My sister, like our late mom, always loved to work. She got her first job at 14 1/2 (her new social security card and work card in her new Whites Five and Ten vinyl wallet) on Millbury Street working as a clerk at Commercial Fruit Store, working for one of her favorite bosses – “Macho,” a Greek(?) immigrant who was funny, loving/gruff and opinionated, spouting critiques of his customers and family who worked by his side and falling over little patches of ice in the big Commercial walk-in freezer. His goofy insults were delivered in jumbled, half-English “Machoisms” that my sister loved to share with us all, after she walked home from work, still wearing her mint green sales girl smock (proudly, I think). “Phillip, where you know … ” my sister would yell in a thick trippy accent or, because Macho was short, squat and had the butt of a picnic table, big and squarish, my kid sister would have fun backing into our kitchen the way Macho would back out of his Commericial Fruit freezer, butt first and swishing back and forth, his own bustling bustle, if you can imagine it. We all laughed at her Macho impressions! She was skinny but everyone could see Macho in her!!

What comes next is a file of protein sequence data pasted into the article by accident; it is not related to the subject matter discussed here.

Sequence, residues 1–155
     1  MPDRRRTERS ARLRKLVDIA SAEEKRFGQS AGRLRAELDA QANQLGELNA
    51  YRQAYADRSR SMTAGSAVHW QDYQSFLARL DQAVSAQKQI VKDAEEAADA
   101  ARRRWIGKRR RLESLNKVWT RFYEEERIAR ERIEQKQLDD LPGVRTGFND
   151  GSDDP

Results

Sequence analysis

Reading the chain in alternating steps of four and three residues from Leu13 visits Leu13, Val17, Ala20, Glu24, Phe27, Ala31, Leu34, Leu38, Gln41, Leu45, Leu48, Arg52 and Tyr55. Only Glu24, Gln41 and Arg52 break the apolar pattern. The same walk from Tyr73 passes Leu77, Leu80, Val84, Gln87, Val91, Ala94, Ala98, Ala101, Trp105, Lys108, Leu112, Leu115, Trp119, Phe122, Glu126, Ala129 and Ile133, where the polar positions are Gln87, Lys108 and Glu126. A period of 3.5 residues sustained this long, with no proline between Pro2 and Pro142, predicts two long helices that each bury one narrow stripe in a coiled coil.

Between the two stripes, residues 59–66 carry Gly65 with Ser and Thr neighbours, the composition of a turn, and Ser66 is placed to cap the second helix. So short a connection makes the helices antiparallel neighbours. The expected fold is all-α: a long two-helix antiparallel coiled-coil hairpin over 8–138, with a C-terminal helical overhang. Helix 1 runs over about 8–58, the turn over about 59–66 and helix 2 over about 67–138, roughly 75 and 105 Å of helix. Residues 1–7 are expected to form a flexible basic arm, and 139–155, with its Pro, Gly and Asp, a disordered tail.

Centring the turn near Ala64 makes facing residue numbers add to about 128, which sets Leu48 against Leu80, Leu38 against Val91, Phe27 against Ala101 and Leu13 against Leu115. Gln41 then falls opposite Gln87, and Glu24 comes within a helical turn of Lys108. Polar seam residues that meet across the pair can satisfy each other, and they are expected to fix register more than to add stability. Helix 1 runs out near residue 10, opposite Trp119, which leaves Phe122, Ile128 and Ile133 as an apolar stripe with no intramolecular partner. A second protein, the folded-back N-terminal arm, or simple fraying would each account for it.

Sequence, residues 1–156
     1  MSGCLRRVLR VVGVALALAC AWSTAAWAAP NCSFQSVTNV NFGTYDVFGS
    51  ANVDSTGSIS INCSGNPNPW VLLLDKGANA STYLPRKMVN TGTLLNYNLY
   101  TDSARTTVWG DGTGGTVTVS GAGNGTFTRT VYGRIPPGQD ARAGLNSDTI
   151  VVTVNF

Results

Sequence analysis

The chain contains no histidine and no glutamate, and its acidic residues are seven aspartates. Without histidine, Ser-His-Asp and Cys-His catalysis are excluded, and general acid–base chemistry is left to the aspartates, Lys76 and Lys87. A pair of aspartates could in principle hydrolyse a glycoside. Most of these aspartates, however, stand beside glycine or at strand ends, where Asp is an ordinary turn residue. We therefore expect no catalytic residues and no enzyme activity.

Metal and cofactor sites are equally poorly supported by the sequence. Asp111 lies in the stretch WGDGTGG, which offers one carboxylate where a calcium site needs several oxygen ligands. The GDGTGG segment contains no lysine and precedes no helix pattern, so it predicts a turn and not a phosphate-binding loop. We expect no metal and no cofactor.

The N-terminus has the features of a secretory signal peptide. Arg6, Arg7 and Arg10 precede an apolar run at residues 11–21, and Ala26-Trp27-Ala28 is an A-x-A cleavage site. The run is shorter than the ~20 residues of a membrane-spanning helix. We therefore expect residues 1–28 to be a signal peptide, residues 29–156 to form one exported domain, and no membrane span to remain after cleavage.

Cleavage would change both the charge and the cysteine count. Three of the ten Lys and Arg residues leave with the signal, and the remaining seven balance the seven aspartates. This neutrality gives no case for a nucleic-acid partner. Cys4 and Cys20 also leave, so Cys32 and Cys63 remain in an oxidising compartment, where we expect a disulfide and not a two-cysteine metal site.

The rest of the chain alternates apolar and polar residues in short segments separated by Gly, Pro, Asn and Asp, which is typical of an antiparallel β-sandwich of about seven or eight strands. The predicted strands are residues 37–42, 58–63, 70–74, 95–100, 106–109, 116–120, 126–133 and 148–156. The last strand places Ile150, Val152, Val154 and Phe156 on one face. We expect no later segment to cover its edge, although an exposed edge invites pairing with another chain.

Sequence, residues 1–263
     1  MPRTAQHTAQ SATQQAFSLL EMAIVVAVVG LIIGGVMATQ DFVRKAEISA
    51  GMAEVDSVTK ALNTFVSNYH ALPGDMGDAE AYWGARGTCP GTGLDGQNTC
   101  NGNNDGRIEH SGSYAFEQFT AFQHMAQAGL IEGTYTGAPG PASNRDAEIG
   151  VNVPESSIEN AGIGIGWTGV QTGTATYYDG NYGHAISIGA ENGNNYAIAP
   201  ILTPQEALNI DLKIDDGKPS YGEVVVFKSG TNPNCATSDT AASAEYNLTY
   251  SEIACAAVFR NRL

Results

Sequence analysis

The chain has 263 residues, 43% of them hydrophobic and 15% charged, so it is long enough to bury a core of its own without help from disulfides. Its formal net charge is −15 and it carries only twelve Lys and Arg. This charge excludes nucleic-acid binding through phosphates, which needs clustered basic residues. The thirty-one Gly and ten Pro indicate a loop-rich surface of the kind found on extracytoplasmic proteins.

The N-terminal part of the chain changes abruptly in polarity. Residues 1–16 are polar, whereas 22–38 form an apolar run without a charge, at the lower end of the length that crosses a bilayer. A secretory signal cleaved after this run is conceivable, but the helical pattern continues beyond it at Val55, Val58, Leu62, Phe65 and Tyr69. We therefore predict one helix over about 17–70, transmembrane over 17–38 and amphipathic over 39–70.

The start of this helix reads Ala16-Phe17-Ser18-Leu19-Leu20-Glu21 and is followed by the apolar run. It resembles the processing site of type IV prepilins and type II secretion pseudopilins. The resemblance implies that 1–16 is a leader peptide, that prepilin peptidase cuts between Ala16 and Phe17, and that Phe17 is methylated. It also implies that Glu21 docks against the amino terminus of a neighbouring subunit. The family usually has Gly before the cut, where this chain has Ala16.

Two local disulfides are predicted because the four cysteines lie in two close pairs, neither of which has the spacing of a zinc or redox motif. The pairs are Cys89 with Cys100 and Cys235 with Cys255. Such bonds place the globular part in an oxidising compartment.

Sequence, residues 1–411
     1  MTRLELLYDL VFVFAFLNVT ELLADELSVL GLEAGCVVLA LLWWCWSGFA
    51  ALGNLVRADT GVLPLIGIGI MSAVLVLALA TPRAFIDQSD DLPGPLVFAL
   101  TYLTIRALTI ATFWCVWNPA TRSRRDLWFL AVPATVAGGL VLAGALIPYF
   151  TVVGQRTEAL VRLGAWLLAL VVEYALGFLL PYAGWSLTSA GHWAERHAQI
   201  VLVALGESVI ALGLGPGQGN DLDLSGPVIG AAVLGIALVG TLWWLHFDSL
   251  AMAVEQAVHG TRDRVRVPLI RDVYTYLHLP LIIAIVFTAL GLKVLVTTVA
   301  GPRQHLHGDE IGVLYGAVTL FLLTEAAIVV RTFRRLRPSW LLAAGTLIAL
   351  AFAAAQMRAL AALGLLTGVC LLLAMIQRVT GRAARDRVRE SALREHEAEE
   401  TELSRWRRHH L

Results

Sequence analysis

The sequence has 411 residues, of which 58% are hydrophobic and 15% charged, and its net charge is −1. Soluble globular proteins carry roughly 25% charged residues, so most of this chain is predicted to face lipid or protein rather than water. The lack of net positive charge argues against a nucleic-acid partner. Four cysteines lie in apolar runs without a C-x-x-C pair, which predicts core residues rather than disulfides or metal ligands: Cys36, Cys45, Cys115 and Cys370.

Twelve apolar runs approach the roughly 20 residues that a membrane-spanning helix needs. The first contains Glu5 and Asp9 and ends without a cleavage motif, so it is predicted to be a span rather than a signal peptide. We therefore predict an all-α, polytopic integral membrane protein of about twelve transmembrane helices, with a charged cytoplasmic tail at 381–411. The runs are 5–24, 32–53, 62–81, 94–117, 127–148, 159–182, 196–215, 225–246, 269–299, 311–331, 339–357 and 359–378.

Macho treated my sister like family and, even during her college years, Mary worked for him and his family with LOVE, reveling in the Christmas holiday spirit at the shop where, under soft yellow flourescent lights and surrounded by all matter of fruit beautifully displayed on sky-blue-painted staircase shelves that circled the entire little store she made holiday fruit gift basketd. Amid all the laughs, orders and the silly Machoisms flying in the middle of that Millbury Street staple (located next door to Lisbon’s Shoe Store), Mary made gigantic fruit baskets. Easy! She would take a ton of delicious Commercial fruit, a can of mixed nuts, a package of sweet, sticky, pitted dates and artfully place then arrange them in a big basket with big arched handle. Then she’d wrap it all in clear or colored cellophane wrap and shiny Christmas ribbon – then top it off with a big red or green bow secured to the top of the handle. Saw her work her magic a few times. Sometimes after school at Burncoat High, I’d visit. Mary was always industrious and smiling. She was the pretty one, with high forehead and straight teeth and pretty smile. She loved to walk downtown on a Saturday snd buy herself a pretty dress at Filenes Basement – and often a little gift for Ma and me.